Ready for her close-up
Sometimes life doesn’t go the way you plan it.
At just 30 weeks pregnant, Jessica Archbold, of Big Rapids, Michigan, had to rush to the hospital for an emergency cesarean section.
With her baby girl, Kaylee, weighing in at just 3 pounds 2 ounces, a specially trained transport team quickly whisked the infant off to the neonatal intensive care unit at Spectrum Health Helen DeVos Children’s Hospital for breathing assistance and other preemie support.
The 60-mile distance between mom and baby proved heart-rending.
“It’s a helpless feeling when your baby is in the NICU, especially when you can’t go there,” said Archbold, who recovered from her surgery at Spectrum Health Big Rapids Hospital. “You sit there and it’s all you can think about.”
Emotions ran high for the 28-year-old mom, who also has two preschoolers at home.
Then obstetrics nurse manager Patti Wethington had an inspiration: Organize a video visit so Archbold could see her baby and meet with the NICU staff without leaving the premises.
Baby on the big screen
It would be the first time Spectrum Health Big Rapids used MedNow telehealth technology to connect a parent with the NICU.
But not the last.
Big Rapids-based MedNow specialist Katelyn Johnson organized two calls between Archbold and the NICU, rolling the TV-like mobile unit into Archbold’s hospital room for the meetings.
“I think it alleviated some of the worries and nerves,” Johnson said. “The minute we connected she said, ‘She’s so beautiful,’ and asked questions like, ‘Does she have hair?’”
The NICU staff could zoom in, providing Archbold a closer look at her little girl.
Neonatologist Mitchell DeJonge, MD, part of the NICU team that met with Archbold via video visit, said it’s a good improvement over phone calls.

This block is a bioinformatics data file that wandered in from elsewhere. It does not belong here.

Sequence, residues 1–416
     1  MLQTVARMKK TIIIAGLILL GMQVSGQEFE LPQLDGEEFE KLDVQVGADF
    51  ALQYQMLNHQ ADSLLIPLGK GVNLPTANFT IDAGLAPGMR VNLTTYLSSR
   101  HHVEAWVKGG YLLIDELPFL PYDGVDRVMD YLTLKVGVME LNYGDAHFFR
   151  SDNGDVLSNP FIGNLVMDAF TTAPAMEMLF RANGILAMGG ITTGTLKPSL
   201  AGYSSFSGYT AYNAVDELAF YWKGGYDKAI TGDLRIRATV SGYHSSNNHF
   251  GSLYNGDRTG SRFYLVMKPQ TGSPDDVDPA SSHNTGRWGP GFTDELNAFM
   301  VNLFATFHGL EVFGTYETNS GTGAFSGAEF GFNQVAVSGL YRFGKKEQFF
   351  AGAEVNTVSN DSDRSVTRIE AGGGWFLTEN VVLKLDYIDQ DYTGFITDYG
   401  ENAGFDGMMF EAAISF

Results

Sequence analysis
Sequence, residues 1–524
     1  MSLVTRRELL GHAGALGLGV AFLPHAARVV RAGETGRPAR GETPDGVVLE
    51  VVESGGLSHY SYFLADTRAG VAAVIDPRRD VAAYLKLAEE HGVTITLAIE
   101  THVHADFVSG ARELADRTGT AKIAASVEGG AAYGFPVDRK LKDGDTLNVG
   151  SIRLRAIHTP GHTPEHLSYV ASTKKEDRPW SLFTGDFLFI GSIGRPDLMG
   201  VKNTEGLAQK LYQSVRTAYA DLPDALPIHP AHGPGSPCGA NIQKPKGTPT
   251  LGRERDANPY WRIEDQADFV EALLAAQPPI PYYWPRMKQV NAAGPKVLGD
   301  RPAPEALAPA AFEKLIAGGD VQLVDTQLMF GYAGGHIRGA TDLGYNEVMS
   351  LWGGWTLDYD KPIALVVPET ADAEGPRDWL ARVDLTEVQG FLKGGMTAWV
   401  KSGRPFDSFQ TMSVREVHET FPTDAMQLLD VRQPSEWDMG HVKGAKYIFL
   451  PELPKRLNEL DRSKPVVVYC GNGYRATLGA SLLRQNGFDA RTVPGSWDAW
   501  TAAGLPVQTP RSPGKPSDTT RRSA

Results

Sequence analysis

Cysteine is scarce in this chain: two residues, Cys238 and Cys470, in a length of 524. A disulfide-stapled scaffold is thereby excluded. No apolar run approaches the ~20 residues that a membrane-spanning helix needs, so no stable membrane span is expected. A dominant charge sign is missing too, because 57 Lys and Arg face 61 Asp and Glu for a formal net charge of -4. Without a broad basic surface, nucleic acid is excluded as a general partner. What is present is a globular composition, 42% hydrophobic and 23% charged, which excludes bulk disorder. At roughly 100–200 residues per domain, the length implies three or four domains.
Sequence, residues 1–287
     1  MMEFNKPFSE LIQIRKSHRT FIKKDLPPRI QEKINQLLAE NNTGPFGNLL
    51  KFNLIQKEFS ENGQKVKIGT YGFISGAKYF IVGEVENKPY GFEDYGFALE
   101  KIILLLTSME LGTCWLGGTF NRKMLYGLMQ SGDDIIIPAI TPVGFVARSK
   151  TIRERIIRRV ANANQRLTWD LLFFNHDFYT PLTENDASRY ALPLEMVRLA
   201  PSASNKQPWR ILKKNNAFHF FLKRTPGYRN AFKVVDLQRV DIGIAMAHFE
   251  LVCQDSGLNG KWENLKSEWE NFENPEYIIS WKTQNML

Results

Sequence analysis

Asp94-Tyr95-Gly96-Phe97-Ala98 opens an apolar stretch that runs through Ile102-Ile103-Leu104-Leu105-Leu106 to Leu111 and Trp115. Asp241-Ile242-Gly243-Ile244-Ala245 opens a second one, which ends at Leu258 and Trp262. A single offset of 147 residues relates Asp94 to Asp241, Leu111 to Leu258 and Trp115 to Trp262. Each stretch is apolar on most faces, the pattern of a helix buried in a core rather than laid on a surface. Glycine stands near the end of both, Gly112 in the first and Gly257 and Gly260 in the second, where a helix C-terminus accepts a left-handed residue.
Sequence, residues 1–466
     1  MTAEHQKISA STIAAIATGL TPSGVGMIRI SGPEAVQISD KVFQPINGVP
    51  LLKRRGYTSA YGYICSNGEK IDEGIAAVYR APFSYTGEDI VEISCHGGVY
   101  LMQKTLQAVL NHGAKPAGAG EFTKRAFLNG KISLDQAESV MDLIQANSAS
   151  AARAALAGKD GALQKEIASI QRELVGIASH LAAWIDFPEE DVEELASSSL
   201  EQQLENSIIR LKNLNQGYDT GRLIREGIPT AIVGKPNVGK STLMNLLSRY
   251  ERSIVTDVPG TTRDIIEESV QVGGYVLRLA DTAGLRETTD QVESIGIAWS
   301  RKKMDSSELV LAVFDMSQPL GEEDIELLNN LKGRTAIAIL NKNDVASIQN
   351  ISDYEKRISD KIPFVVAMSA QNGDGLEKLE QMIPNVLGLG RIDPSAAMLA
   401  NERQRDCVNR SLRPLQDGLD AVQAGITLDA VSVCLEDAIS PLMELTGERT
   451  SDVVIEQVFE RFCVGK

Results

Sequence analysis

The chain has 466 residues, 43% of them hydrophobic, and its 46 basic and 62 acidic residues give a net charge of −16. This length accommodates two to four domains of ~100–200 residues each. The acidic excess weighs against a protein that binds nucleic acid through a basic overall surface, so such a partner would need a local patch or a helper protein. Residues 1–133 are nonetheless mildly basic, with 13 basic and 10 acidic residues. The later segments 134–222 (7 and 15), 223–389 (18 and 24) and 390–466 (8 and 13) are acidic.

“From a parent’s perspective, the most beneficial thing is that the technology allows them to actually see their baby,” he said. “It puts the parents at ease to see the baby is living and breathing and moving around.”
It also helps parents understand their baby’s treatment plan.
“The NICU technology is all so foreign, it’s really difficult to explain to people what types of machines we’re using,” Dr. DeJonge said. “If you can actually see it, it’s very reassuring for the family. It reduces stress and allows the parents to envision where the baby is and how it’s doing.”
And maybe it’s reassuring for the baby, too.
During the first call, little Kaylee cried as the nurse adjusted her in the incubator, but she quieted down at the sound of her mother’s voice.
Bridging the gap
MedNow isn’t just for hospital settings.
Patients can use it from home for direct, real-time access to primary care providers for allergies, ear aches, rashes or hives, pink eye, urinary symptoms and other conditions that are not life-threatening.
It’s a time-saving way to consult with Grand Rapids-based Spectrum Health specialists in bariatrics, cancer, cardiology, diabetes, vascular issues and sleep issues.
Regional emergency departments also use MedNow to connect with their Grand Rapids-based colleagues when transferring patients who need immediate, specialized care in a larger hospital setting.
Dr. DeJonge sees more uses for neonatal care, too.
“It could be used in a clinical setting with physicians,” he said. “We could talk about exam findings and maybe even prevent some babies from coming here if they can be monitored in an outpatient setting instead. In some cases, that could be better for the babies and for the parents.”